31. 27. Mathias, S. R. (2016). “ Unified analysis of accuracy and reaction times via models of decision making,” Proc. Mtgs. Acoust. 26, 050001. https://doi.org/10.1121/2.0000219, Google ScholarScitation
  32. 28. Matzke, D., and Wagenmakers, E.-J. (2009). “ Psychological interpretation of the ex-Gaussian and shifted Wald parameters: A diffusion model analysis,” Psychon. Bull. Rev. 16, 798–817. https://doi.org/10.3758/PBR.16.5.798, Google ScholarCrossref
  33. 29. Meredith, M. A., Nemitz, J. W., and Stein, B. E. (1987). “ Determinants of multisensory integration in superior colliculus neurons. I. Temporal factors,” J. Neurosci. 7, 3215–3229. Google ScholarCrossref
  34. 30. Meredith, M. A., and Stein, B. E. (1986). “ Visual, auditory, and somatosensory convergence on cells in superior colliculus results in multisensory integration,” J. Neurophysiol. 56, 640–662. Google ScholarCrossref
  35. 31. Michalka, S. W., Kong, L., Rosen, M. L., Shinn-Cunningham, B. G., and Somers, D. C. (2015). “ Short-term memory for space and time flexibly recruit complementary sensory-biased frontal lobe attention networks,” Neuron 87, 882–892. https://doi.org/10.1016/j.neuron.2015.07.028, Google ScholarCrossref
  36. 32. Milosavljevic, M., Malmaud, J., Huth, A., Koch, C., and Rangel, A. (2010). “ The drift diffusion model can account for the accuracy and reaction time of value-based choices under high and low time pressure,” Judgm. Decis. Mak. 5, 437–449. Google Scholar
  37. 32. Miranda, A. T., and Palmer, E. M. (2013). “ Intrinsic motivation and attentional capture from gamelike features in a visual search task,” Behav. Res. Methods 46(1), 159–172. https://doi.org/10.3758/s13428-013-0357-7, Google ScholarCrossref
  38. 33. Molholm, S., Martinez, A., Shpaner, M., and Foxe, J. J. (2007). “ Object-based attention is multisensory: Co-activation of an object's representations in ignored sensory modalities,” Eur. J. Neurosci. 26, 499–509. https://doi.org/10.1111/j.1460-9568.2007.05668.x, Google ScholarCrossref
  39. 34. Noppeney, U., Ostwald, D., and Werner, S. (2010). “ Perceptual decisions formed by accumulation of audiovisual evidence in prefrontal cortex,” J. Neurosci. Off. J. Soc. Neurosci. 30, 7434–7446. https://doi.org/10.1523/JNEUROSCI.0455-10.2010, Google ScholarCrossref
  40. 35. Parise, C. V., Spence, C., and Ernst, M. O. (2012). “ When correlation implies causation in multisensory integration,” Curr. Biol. 22, 46–49. https://doi.org/10.1016/j.cub.2011.11.039, Google ScholarCrossref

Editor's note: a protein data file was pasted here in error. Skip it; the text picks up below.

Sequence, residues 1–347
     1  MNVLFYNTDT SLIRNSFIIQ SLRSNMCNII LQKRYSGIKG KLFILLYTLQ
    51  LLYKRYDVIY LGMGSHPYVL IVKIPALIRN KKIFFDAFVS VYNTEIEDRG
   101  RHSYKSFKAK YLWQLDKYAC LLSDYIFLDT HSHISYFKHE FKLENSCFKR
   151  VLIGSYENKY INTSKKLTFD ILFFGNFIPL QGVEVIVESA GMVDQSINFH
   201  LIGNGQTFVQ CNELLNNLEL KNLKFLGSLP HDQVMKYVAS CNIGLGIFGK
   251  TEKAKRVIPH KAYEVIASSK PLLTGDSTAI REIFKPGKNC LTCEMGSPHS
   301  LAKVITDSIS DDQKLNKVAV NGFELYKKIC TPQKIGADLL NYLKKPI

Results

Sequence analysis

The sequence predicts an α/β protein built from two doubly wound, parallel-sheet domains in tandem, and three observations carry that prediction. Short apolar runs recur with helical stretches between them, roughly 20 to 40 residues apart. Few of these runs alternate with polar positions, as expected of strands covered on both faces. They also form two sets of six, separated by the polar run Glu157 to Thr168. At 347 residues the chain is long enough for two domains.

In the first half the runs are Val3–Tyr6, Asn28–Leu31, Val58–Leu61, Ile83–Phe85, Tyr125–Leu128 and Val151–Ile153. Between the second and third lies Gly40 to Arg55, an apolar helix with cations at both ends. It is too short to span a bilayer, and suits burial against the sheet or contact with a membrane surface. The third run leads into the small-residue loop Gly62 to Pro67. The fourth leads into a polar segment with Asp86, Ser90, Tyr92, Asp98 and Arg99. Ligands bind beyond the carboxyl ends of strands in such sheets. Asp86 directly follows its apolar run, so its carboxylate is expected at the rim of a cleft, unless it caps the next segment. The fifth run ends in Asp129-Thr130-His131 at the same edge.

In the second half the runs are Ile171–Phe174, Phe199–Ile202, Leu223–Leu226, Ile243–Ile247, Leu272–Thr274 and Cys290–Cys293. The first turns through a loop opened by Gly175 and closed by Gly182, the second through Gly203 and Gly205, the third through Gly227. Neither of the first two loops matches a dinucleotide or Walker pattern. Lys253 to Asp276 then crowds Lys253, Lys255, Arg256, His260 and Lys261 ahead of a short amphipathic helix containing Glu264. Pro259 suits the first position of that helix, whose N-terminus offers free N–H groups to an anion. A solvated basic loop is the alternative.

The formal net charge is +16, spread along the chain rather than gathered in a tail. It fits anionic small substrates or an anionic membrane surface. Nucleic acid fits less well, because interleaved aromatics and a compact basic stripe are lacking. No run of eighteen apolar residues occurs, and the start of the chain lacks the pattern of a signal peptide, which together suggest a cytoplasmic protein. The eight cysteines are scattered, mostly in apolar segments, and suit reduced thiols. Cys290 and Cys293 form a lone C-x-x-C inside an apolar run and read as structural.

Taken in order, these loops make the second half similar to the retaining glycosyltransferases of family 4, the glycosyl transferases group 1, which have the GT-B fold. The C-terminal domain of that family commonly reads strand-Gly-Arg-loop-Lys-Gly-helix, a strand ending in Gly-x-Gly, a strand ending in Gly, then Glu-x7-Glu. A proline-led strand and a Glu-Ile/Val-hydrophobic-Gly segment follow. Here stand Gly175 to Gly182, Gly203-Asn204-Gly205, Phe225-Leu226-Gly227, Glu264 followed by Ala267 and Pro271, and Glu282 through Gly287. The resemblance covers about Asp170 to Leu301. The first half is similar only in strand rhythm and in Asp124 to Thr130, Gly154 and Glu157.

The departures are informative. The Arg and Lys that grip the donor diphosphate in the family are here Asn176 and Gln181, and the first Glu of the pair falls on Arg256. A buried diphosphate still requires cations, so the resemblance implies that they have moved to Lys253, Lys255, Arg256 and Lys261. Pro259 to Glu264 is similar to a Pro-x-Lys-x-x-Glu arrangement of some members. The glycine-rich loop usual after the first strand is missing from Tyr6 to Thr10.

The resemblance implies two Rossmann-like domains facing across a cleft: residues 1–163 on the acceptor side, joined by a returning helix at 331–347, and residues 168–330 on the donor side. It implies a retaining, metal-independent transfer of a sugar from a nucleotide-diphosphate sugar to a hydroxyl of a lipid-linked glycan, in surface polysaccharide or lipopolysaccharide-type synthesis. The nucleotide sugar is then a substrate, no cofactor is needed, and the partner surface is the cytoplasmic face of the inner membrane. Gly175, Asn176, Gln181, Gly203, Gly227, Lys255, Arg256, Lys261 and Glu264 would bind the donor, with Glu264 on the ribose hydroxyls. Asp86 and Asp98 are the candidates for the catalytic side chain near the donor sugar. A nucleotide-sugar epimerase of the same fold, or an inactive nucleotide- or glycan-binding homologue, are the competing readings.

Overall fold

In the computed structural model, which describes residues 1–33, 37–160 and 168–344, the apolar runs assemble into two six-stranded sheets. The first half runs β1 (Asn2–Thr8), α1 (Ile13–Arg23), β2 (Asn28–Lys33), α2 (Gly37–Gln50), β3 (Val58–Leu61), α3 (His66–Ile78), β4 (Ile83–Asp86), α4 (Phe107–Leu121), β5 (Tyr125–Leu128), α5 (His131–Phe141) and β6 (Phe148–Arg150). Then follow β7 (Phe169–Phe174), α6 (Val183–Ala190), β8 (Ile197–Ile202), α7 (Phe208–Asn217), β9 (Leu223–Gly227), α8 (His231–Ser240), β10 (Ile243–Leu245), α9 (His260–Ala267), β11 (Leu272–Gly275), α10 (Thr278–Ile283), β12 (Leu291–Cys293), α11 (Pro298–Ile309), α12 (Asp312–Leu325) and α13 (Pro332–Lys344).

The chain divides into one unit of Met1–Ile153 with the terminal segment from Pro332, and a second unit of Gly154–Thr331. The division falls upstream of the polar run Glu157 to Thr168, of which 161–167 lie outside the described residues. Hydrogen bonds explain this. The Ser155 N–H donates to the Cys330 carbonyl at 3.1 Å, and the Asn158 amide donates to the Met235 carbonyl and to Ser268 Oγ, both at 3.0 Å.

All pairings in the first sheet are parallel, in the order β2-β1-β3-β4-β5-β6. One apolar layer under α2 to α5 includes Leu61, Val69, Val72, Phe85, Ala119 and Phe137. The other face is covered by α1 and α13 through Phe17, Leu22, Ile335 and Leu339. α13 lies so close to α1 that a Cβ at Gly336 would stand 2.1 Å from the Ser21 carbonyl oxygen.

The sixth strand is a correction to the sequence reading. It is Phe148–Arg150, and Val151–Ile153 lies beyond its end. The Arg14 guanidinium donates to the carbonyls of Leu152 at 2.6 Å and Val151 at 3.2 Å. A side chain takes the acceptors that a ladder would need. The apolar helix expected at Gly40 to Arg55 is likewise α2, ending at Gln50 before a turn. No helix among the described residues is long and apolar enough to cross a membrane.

41. 36. Patil, A., Huard, D., and Fonnesbeck, C. J. (2010). “ PyMC: Bayesian stochastic modelling in Python,” J. Stat. Softw. 35, 1. https://doi.org/10.18637/jss.v035.i04, Google ScholarCrossref
  42. 37. Ratcliff, R. (1978). “ A theory of memory retrieval,” Psychol. Rev. 85, 59–108. https://doi.org/10.1037/0033-295X.85.2.59, Google ScholarCrossref
  43. 38. Ratcliff, R., and Childers, R. (2015). “ Individual differences and fitting methods for the two-choice diffusion model of decision making,” Decision 2, 237–279. https://doi.org/10.1037/dec0000030, Google ScholarCrossref
  44. 39. Ratcliff, R., and McKoon, G. (2008). “ The diffusion decision model: Theory and data for two-choice decision tasks,” Neural Comput. 20, 873–922. https://doi.org/10.1162/neco.2008.12-06-420, Google ScholarCrossref
  45. 40. Ratcliff, R., and Rouder, J. N. (1998). “ Modeling response times for two-choice decisions,” Psychol. Sci. 9, 347–356. https://doi.org/10.1111/1467-9280.00067, Google ScholarCrossref
  46. 41. Recanzone, G. H. (2002). “ Auditory influences on visual temporal rate perception,” J. Neurophysiol. 89, 1078–1093. https://doi.org/10.1152/jn.00706.2002, Google ScholarCrossref
  47. 42. Shams, L., Kamitani, Y., and Shimojo, S. (2002). “ Visual illusion induced by sound,” Cogn. Brain Res. 14, 147–152. https://doi.org/10.1016/S0926-6410(02)00069-1, Google ScholarCrossref
  48. 43. Shinn-Cunningham, B. G. (2008). “ Object-based auditory and visual attention,” Trends Cogn. Sci. 12, 182–186. https://doi.org/10.1016/j.tics.2008.02.003, Google ScholarCrossref
  49. 44. Shipley, T. (1964). “ Auditory flutter-driving of visual flicker,” Science 145, 1328–1330. https://doi.org/10.1126/science.145.3638.1328, Google ScholarCrossref
  50. 45. Soto-Faraco, S., Lyons, J., Gazzaniga, M., Spence, C., and Kingstone, A. (2002). “ The ventriloquist in motion: Illusory capture of dynamic information across sensory modalities,” Cogn. Brain Res. 14, 139–146. https://doi.org/10.1016/S0926-6410(02)00068-X, Google ScholarCrossref